The MS&T Monthly Wrap

5 September 2023

Contact Our Team

For more information about how Halldale can add value to your marketing and promotional campaigns or to discuss event exhibitor and sponsorship opportunities, contact our team to find out more

 

The America's -
holly.foster@halldale.com

Rest of World -
jeremy@halldale.com



230125-F-JH281-1026
U.S. Air Force photo by Vanessa R. Adame

Modeling, simulation and training has become one of Central Florida’s key industries, building upon the region’s strength in immersive technologies and defense.

The region is home to the MS&T arm of nearly every US military agency.

Every month, we will take a look back to see what happened within the industry here while also looking ahead at what’s in store next month.

Women in MS&T gather in Orlando

The longtime bias against women-owned defense businesses in technology is all too real for Dolly Oberoi.

As she looked to launch her business in the 1990s, she struggled to secure a line of credit and feared it might crumble her efforts. That is, until she hired her husband.

Suddenly, the bank’s message changed and her budding business, C2 Technologies, secured a $10,000 line of credit.

“Two years is a long way to go without capital,” she said. “So much has changed and yet nothing has changed.”

Oberoi sat on a panel in August hosted by Women in Defense’s regional chapter and Tampa’s Women in Tech and Entrepreneurship.

At Orlando’s Central Florida Tech Grove, WTE Founder and CEO Raechel Canipe felt it was important to bring together some of the region’s leading women in the industry.

The goal, she said, was to both inspire those in the industry and share resources that they could access through various programs in the area.

“This represents a huge economic impact and opportunity for people of all backgrounds,” said Canipe, who hosted the panel. “If women are not at the table, it would be a huge economic loss for women and their families. Beyond that, we know that teams of more diverse backgrounds bring more innovative solutions, and that those solutions are more likely to work for a wider range of people and use cases.”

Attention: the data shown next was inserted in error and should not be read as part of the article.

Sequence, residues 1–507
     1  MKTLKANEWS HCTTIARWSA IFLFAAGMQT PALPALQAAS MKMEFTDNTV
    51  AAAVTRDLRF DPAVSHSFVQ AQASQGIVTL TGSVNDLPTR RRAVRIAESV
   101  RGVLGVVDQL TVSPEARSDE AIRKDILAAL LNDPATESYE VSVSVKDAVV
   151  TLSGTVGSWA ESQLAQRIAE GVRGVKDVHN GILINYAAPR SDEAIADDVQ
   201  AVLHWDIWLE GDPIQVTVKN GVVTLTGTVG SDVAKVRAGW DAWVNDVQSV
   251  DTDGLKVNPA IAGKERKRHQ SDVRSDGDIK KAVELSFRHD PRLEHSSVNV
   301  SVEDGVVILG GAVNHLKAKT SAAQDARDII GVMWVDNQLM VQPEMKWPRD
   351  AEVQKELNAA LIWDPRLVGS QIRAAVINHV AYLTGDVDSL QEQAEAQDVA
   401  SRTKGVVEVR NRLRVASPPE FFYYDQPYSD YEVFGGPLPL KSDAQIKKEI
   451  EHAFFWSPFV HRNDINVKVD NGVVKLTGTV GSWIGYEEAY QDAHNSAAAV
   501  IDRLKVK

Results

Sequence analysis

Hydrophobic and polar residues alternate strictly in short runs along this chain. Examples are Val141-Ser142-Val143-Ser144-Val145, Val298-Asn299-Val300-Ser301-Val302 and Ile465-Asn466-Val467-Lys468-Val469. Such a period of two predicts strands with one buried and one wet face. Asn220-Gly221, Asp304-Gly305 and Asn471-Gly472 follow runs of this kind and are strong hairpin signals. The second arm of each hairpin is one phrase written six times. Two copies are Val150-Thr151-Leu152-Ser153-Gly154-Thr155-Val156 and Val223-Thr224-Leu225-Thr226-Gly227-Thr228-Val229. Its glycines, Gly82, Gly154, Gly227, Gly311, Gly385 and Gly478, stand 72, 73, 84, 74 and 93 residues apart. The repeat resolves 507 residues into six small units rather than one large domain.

Canipe gave the example of crash test dummies of the past based exclusively on the average male measurements.

The panel also included the Grove’s Carol Ann Dykes Logue and Engenium CEO Ana Irving.

The group represented a mix of some of the more-active defense contractors in Central Florida along with Logue, who has helped build the Grove into a space where defense companies can connect with military officials in the region.

When asked about her takeaways from the panel, Irving mentioned Canipe’s focus on the barriers that still exist in defense.

“This is still a difficult space for women,” said Irving, whose staffing agency works within engineering and program management in defense, among other industries. “We are still facing many of the same issues, such as disrespecting of women in certain roles. You still need to persevere.”

A recent Florida High Tech Corridor study found that MS&T contributes nearly $8 billion annually to the state’s economic output.

Of that, $6 billion comes from Central Florida alone.

Oberoi said it’s crucial for women to actively engage in the industry.

“Women are a force to be reckoned with but they sometimes get forgotten,” she said. “It was a great forum for them to be uninhibited, listen to the women who overcame barriers, learn and understand that they are not alone.”

SGS&C deadline extended

A key date in the simulation industry has been extended as the Serious Games Showcase and Challenge pushed its deadline back to Sept. 8 for projects.

The SGS&C contest annually reaches out for games and projects that handle serious topics, with winners landing a spot on the I/ITSEC showroom floor in December.

That event attracts thousands of attendees to Central Florida, including top brass from each of the military branches, and is considered the largest military MS&T show in the world.

This year, I/ITSEC will take over the Orange County Convention Center for five days, starting Nov. 27

What’s ahead in MS&T around CFL

An annual event that builds tech solutions that solve military problems returns to Central Florida in September.

The U.S. Armed Forces Jam, a three-day hackathon put together by the group Indienomicon, starts Friday, September 8 and runs through the weekend, with final projects presented to a panel of judges Sunday evening.

The gathering puts dozens of programmers and tech enthusiasts in a room, lets them loose on specific challenges and then rewards winning teams with prizes.

Along with a cash prize, the winning team at the event will have exhibit space at I/ITSEC, where it can gain exposure to the community.

Featured

More events

Related articles



More Features

More features